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Ten Things Wise Veterans Do Right
By Joe Bouchard & Caterina Spinaris Tudor
Published: 12/28/2009

Wise owl Veteran staff have many helpful, even life-saving tips to share with other staff and newbies. They have earned their wisdom from experience over the years, usually the hard way.

Here is a list of attitudes and actions of seasoned corrections staff which help them remain safe on the job and successful in their careers.
  1. I’m always learning. While it is certainly true that the learning curve flattens out as we gain experience, veteran staff know that they continually grow and learn on the job. There are very few, if any, who have worked at all levels of security and with offenders of all cultures, backgrounds or both genders. New laws get passed frequently. Wise veterans know that even after thirty years in corrections, they can be faced with situations they have not encountered before.
  2. Training is indispensable. Veterans know that training helps them be ahead of the game, practice what to do before they are faced with a potential disaster, or learn how to deal with a new trend. Veterans also realize that training gets them to polish off old, rusted learning, so they are ready to tackle infrequent challenges correctly when confronted with them suddenly.
  3. I learn from new staff’s questions. Veteran staff realizes that routine can set their perspective in stone (or mud) to the point where they miss whatever does not fit into their rigidified outlook. Veterans know that minimizing or dismissing information can cost a life. Listening to new staff (and to other staff in general) helps wise veterans consider aspects and issues which they had formerly relegated to their blind spot.
  4. Corrections is constantly evolving. Seasoned staff have seen many trends and approaches come and go, as well as political, legal, societal, and technological changes that impact how they are expected to do their jobs. That reality is what prompts them to be open to ongoing learning and formal training.
  5. No matter how much respect I command among offenders, I never assume I’m safe around them. Veteran staff knows that that communication, respect and good rapport are key to safety. But they also remember that inmates may assault staff for no logical reason or for reasons known only to them. That is why veterans never let their guard down and they do not befriend offenders.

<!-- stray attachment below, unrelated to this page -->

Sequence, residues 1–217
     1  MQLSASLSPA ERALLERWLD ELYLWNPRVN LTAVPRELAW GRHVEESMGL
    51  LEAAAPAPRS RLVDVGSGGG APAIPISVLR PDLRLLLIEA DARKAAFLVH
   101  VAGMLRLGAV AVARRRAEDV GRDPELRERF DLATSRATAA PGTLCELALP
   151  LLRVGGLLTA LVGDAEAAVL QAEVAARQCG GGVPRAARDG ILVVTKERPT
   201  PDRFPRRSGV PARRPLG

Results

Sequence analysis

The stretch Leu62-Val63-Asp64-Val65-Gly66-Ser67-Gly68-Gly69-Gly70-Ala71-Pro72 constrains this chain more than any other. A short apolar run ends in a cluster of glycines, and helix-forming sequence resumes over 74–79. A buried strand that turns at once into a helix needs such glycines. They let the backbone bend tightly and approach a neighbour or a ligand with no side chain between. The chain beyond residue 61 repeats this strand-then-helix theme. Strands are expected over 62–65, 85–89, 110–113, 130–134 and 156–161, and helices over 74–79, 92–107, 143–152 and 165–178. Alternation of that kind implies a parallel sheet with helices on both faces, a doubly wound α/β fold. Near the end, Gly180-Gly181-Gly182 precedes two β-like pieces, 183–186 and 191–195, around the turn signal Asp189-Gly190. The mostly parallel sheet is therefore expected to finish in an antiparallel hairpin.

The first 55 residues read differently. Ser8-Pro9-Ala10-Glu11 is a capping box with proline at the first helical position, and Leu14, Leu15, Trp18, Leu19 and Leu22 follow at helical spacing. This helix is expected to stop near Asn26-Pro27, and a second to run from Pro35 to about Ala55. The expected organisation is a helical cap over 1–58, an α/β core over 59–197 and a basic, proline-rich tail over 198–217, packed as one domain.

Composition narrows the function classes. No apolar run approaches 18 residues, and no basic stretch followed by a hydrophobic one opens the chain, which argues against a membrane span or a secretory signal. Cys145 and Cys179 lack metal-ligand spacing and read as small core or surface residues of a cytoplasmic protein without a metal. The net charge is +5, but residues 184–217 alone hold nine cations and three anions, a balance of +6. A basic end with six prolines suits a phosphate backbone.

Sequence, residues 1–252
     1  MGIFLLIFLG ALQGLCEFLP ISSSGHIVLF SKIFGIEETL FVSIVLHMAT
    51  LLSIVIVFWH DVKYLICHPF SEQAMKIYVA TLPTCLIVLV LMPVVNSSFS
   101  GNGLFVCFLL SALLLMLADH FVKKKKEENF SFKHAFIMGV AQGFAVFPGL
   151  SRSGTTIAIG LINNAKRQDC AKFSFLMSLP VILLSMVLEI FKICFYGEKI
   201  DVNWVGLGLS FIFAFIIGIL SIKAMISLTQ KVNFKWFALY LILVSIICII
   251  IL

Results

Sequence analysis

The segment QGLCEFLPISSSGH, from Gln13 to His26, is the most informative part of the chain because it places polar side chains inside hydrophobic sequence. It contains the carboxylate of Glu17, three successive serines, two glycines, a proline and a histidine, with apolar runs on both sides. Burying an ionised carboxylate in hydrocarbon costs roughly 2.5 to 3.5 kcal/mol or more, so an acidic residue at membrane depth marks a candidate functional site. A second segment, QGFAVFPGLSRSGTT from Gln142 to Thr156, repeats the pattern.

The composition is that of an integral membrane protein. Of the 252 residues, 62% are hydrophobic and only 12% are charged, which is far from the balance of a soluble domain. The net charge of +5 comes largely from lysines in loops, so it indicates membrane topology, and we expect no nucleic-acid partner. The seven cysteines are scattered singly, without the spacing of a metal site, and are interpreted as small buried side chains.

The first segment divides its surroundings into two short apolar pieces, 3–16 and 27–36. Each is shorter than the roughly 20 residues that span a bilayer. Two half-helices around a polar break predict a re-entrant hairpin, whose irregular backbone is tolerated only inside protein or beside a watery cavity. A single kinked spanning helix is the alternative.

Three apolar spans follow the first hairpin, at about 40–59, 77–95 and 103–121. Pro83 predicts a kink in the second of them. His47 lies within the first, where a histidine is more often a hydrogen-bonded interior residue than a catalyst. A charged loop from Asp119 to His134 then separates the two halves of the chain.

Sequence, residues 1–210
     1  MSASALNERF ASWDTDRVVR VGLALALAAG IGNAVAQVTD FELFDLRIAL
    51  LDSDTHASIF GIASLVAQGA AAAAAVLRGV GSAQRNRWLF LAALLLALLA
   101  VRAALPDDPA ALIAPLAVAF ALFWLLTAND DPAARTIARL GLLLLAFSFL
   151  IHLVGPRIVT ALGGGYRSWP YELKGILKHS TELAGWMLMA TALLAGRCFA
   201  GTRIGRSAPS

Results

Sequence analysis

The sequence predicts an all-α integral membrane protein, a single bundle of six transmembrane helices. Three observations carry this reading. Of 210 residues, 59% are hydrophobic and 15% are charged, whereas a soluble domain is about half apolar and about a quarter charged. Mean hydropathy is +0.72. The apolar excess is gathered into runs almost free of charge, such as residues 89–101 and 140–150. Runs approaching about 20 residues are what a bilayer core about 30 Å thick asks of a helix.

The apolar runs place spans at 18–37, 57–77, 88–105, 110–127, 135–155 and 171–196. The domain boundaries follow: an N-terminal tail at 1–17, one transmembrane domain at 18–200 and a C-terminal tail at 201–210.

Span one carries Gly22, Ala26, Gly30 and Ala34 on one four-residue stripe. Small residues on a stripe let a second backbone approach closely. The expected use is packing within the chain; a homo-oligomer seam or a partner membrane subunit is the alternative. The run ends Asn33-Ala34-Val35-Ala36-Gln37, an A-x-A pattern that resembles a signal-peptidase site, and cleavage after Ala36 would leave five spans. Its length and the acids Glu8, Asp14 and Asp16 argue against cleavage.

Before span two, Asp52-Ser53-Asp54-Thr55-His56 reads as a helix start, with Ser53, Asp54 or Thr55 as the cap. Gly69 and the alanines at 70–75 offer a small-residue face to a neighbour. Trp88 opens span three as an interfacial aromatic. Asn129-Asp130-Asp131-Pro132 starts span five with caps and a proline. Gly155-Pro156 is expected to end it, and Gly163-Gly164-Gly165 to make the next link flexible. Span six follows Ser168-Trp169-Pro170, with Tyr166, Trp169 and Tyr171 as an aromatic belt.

6. I know that I do not know it all. Wise veteran staff rein in their ego and deflate their pride. They know that humility has nothing to do with humiliation. They stay open to what others bring to the table and are secure enough in themselves to acknowledge colleagues’ good ideas and different ways of thinking or doing things.
  7. My name is not Rod (Retired on duty). Veterans know that they need to remain careful and vigilant, and to steer away from complacency, especially as they get closer to retirement. They realize that safety does not increase with time on the job.
  8. Technology is here to stay. Even though parts of corrections operations work well because they are tried and true, technology continues to change how things are done in this field. Part of ongoing learning is adapting to new methods and guidelines that are based on technological advancements.
  9. I grab hold of opportunities to grow in the profession. Veteran staff keeps from getting bored or complacent by participating in new professional opportunities. They, for example, may volunteer to perform a vocationally uncomfortable task, such as participating on a committee. Doing so broadens their horizons and expands their work perspective. It may also afford them an opportunity to become agents of positive change and assistance to fellow staff. New experiences help staff continue to find purpose and interest in their profession.
  10. The past was glorious, but the present is even more exciting. Veterans know that triumphs of the past are great, but the focus of a vibrant life and career is on the present. Yes, nostalgia has it place, yet veterans are aware that what matters is that they impact TODAY well, do their best NOW. Wise veterans stay engaged in what is going on and participate in teamwork, even though that takes lots more effort than living off the memories of the good old “glory” days.

With such a mindset, wise corrections veterans can meet both the goals of safety and meaningfulness for their jobs, while also being invaluable role models and an inspiration to new officers and other staff.

Visit the Joe Bouchard page

Visit the Caterina Tudor page


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